Only the second time I'd popped that particular question in this life of mine.


This morning at the farmers market -- Montpelier, Vermont:

España, te echo de menos.

rws 3:38 PM [+]

Thursday, October 05, 2006

There's been so much going this last week that I have no real idea how to lay it out in print, no real idea how to describe it all. That may be due in part to the feeling of sitting in the middle of a benign twister -- hours and days whirling past, seeming clear in the moment, but afterward appearing in my memory like the old cartoon image of the Tasmanian Devil: wild motion, with small, ever-shifting, silly details peeking out from it.

As happened last year, we've been experiencing what seems like the global warming version of Vermont autumn -- not truly summery, not truly cold. And to this point, no killer frost, something that used to be a sure bet for September. Farm stands and farmers markets have featured abundant produce that, in the past, would have been wiped out weeks ago. Leaves have been falling, trees have been putting on a display, but it's been quiet, muted. This last weekend took a turn toward a cold, gray kind of autumn weather that sometimes elbows its nasty way in, conditions that can send my frame of mind into a nosedive after a day or so. In this case, it sent me into a semi-retreat, me spending most of Sunday on the couch. Monday morning, when I dragged my adorable booty out of bed and made the drive into Montpelier (at far too early an hour), a different landscape met me, one glowing with autumn color, the cold/damp having somehow provided a kick in the metaphoric pants to the local foliage. Last week: pretty but nothing fancy -- this week, local radio chatter claims that we may be in the middle of the most colorful autumn in years. And as if on cue, local roads and highways are clogged with cars bearing out-of-state plates and big charter buses, faces inside peering out at, er, us. And at the fleeting show of otherworldly beauty Vermont musters at this time every year.

The liars bastards professional forecasters in the local weather biz have been promising that between tonight and tomorrow night the long overdue killer frost will creep in under cover of darkness. Which sent me outside, me apparently ready to let go of summer's remnants: flowers of all kinds (some potted, others in the ground, all doing surprisingly well considering where we are on the calendar), tomato plants still producing like they've been sucking down steroids. Tomato plants got pulled from the dirt, piled into a wheelbarrow, put in the garage where they'll get hung up, me hoping to coax as many of the remaining tomaters as I can to make the shift from green to red. A few pots came inside. The rest will be making the transition to the great greenhouse in the sky during the next few days.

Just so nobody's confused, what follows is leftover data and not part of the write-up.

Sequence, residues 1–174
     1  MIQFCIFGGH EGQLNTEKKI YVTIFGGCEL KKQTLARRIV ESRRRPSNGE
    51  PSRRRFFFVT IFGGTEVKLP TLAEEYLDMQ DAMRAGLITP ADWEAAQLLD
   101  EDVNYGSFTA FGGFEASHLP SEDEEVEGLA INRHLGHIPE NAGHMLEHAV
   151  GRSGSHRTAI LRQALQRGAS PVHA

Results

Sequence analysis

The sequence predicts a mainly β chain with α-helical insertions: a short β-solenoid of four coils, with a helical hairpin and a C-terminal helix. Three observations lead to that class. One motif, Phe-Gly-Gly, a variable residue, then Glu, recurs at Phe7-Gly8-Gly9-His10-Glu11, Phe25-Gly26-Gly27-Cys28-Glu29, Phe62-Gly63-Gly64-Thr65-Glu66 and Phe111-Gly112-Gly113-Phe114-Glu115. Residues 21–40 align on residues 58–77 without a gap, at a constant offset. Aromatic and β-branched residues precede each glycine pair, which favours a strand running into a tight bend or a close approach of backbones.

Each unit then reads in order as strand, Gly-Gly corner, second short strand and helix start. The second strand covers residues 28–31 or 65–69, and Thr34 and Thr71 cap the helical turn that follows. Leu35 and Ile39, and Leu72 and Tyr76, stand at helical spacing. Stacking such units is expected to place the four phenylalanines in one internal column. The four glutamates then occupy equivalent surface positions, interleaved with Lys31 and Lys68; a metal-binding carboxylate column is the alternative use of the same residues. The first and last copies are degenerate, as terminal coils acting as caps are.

There have been times here in the last couple of weeks where leaves flew before cool breezes like oversized snowflakes, filling the air, collecting at the sides of local roads, cartwheeling through parking lots in Montpelier. Images and sounds that get me feeling a combination of pleasure and melancholy. One thing for certain: there's no stopping the flow of the days. They melt away, the nights grow longer, Halloween decorations appear on more and more houses.

There's plenty to be done here, between pre-winter tasks around the house and preparations for a lengthy absence. A month from today I'll be back in Madrid -– a shift in reality that seems overwhelming if I stop and think about it. So I don't. I just make my way ahead, a step at a time, through the beauty and strangeness of the passing days. That'll do for now.

España, te echo de menos.

rws 8:20 PM [+]

Wednesday, October 04, 2006

Derelict cemetary/overcast day, early October, northern Vermont:

España, te echo de menos.

rws 7:13 PM [+]

Monday, October 02, 2006

Somehow, under cover of the weekend, October elbowed September aside and settled itself in, the local world immediately changing to match it: gray, cold, damp. The kind of conditions that can get me retreating indoors. Which is what I did.

Dragged my sorry (though adorable) booty out of bed yesterday morning, the house feeling MIGHTY chilly. Pulled on work clothes, hauled out the stepladder, went up into the crawlspace for a bout of laying in insulation. Called it quits after a joyful hour or two, climbed down the ladder, continued on down to the basement where I spent a while cleaning out the stove for the first time this season (me having broken down on Saturday and cranked up the season's first fire). After which: post-work clean-up, personal clean-up, then my reward: an hour or so at the dining table inhaling warm croissants. Outside, cold rain came down. And despite that, a mob of robins and flickers -- taking a break from travels south -- grazed around the yard and lawn, hoovering up crickets, grasshoppers and their various cousins that the week's cold nights hadn't managed to wipe out. Leaving the yard silent, all the late-summer/early-autumn insect music gone, a sure sign that the cold season is quietly, unstoppably overtaking us.